It was early evenin’ by the time I hit Union Station. After my conversations with Mr. Tosh-Hammond, I did some web searchin’ and found a list of fur-friendly establishments in Buffalo-Hamilton-Toronto. The hotel wasn’t the best, but it had a good small clean room, which was all I really needed. I’d never grown used to havin’ a huge space, what with always bein’ in space where air-filled cubage was a luxury, or stayin’ at home where there was always family underhoof. I had to keep myself from lookin’ around, always sure somebody was followin’ me, spyin’. Just try to act normal, the Doc said…
   The first name on Doc’s list was Dr. Nicholine Holder, the ‘gengineer-in-residence’ at the University of Toronto. Part of me wondered why they hadn’t renamed it since Toronto didn’t really exist no more, but old traditions die hard. The next day it rained, and I caught the streetcar outside and made my way through that tangled old city along the old and new tracks, windin’ my way to the address usin’ the GPS linked to my tablet. At least the streetcar was fast; weren’t no private cars since long before I was born.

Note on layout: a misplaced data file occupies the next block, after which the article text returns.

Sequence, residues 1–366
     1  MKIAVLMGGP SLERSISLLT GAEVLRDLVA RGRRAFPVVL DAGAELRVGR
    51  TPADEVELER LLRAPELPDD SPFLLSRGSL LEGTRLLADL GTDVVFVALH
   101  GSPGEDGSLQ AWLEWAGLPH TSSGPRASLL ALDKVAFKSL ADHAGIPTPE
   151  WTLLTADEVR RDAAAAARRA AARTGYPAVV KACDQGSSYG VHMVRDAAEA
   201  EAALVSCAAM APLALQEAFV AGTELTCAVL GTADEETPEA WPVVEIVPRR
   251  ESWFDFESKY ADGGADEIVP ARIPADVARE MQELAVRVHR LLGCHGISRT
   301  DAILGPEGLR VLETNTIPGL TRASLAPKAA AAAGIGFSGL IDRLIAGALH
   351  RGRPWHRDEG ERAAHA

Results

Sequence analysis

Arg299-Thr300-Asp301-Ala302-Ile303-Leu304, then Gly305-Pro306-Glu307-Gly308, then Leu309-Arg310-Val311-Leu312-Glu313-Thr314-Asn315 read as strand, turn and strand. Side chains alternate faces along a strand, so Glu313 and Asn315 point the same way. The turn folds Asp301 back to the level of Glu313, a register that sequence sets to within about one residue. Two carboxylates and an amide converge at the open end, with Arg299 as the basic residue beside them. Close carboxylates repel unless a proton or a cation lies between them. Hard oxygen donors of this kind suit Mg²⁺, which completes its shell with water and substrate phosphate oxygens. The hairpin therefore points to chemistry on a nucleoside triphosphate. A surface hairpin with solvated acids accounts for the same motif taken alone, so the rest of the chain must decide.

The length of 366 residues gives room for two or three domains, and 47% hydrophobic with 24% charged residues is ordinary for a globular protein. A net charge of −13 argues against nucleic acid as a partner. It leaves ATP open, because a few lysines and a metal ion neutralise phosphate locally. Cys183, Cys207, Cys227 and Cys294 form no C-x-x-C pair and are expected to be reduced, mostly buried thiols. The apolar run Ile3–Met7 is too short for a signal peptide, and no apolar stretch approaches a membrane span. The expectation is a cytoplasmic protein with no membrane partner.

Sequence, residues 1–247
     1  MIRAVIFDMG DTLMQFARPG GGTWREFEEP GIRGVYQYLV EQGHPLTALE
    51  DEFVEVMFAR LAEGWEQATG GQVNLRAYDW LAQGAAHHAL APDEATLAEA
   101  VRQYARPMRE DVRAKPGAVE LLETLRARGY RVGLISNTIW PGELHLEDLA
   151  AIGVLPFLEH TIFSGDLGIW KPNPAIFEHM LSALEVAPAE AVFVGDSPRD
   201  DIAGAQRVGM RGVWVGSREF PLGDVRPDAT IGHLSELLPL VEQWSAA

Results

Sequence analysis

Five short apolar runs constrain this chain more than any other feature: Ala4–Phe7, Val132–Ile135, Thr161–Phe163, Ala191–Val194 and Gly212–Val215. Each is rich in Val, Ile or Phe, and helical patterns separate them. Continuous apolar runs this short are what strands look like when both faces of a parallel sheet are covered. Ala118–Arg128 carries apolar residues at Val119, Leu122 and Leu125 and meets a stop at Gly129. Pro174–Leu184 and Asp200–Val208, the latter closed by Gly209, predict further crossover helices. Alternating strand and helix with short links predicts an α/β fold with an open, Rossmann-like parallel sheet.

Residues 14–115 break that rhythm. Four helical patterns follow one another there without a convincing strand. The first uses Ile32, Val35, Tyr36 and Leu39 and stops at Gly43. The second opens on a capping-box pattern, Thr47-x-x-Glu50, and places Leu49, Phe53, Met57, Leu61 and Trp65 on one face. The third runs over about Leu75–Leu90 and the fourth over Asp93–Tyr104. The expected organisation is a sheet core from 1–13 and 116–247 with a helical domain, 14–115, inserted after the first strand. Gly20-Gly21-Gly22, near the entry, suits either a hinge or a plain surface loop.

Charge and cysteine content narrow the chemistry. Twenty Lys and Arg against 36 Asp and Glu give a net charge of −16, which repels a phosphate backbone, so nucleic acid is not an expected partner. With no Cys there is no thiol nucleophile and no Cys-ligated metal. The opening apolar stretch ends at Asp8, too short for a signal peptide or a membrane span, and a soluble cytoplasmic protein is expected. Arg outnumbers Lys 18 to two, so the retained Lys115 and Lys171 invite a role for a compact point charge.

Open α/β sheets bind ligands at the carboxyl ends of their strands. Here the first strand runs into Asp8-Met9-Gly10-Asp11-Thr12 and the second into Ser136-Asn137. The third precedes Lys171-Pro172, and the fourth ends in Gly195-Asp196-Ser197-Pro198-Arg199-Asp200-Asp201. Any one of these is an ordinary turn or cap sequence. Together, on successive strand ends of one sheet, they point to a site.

I don’t think any one person switched all the cars with me, but who knew? Hell, I’d been at this barely a week, and already I was lookin’ round every corner, suspectin’ every soul. I tried to force myself to relax, to concentrate on my surroundin’s.
   Even in the rain, the campus was pleasant. Most of it was grass with old gothic buildin’s covered in gengineered ivy that sucked the smog an’ pollution out of the air. Unlike the rest of the city, the air smelled nice. The grass was kept long, no longer chopped and mowed; I took my time wandering through it, the steady rain hissin’ down on my umbrella, and the grass shushin’ around me under the weight of the water. There wasn’t much scent, just rain. A few miserable students, most human, a few furs, hurried past me. They were scurryin’ under their umbrellas, trying to stay dry. Well, ’cept a pair of otters playin’ in the rain—probably skippin’ class.
   The hallways were dim, and scented with the age-old sweat of fear and eagerness of students, along with a hint of cleanser, old wood, stain, and polish. My rubber boots squeaked on the floor; I shook off the umbrella and put it in my pack. With my tablet helpin’, it didn’t take me long to work through the maze of halls and offices up to where Dr. Holder was supposed to be. Her secretary was a dainty young deer doe, too young to be faculty so I guessed she was a student. Her scent was odd, though. It was strongly male, but she dressed and looked female. At least she was expectin’ me, even though I was nearly an hour late, and, after a disapprovin’ look at my drippin’ legs and damp mane and pants, she motioned me in.